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Phantom: A Legend in Its Own Time

Posted By: Oleksandr74
Phantom: A Legend in Its Own Time

Francis K. Mason - Phantom: A Legend in Its Own Time
Patrick Stephens Ltd. | 1984 | ISBN: 0850595808, 0850595800 | English | 190 pages | PDF | 28.57 MB

In service with America's armed forces, accustomed to enjoying the fruits of world technological leadership, the McDonnell Phantom II fighter represented—for all its extraordinary angularity—an astonishing masterpiece of design ingenuity and commercial persistence. It moreover reversed the time-honoured, but hitherto apparently irreversible convention whereby naval air forces had had to rest content with deck-landing adaptations of aircraft primarily evolved for shore-based operation.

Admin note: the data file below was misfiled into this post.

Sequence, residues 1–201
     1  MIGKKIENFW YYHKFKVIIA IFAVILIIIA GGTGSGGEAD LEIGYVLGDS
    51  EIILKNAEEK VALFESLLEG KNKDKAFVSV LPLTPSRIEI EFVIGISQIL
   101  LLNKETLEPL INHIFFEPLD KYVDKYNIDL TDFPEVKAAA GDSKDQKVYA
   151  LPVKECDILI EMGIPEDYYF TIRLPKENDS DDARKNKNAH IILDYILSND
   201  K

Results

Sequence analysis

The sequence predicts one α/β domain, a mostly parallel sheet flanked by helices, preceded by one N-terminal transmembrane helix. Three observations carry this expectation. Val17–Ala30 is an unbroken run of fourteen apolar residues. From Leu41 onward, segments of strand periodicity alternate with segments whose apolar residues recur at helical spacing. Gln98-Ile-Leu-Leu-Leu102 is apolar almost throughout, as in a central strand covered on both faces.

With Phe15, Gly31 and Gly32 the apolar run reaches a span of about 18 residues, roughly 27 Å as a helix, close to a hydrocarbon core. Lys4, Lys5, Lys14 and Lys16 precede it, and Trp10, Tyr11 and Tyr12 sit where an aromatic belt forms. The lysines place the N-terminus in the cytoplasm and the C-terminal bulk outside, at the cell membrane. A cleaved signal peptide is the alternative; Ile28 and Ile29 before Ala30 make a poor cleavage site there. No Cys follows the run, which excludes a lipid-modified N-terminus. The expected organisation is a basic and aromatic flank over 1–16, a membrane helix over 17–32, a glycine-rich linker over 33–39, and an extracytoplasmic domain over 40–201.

Designing the aircraft from the outset for shipboard use by the United States Navy, and beaten in early competitive evaluation by design tenders from elsewhere, the manu­facturers persevered in the belief that they in fact possessed a potential world-beater, and succeeded in producing not only by far the most potent naval fighter in the world but one whose performance and punch came near to eclipsing the most sanguine future tactical requirements of the land-based United States Air Force.
That this phenomenon should occur during a period of relative peace in international affairs was also to some extent fortuitous, as previous experience had tended to support the theory that the greatest technological strides (and therefore those with least rrstraint placed upon them) came only to fruition during a state of war, or with the threat of such, and it enabled the United States Air Force to acquire a superlative and operationally flexible combat aeroplane in large numbers, at minimum realistic cost, in time to contribute a vital role in America's traumatic involvement in the Vietnam conflict.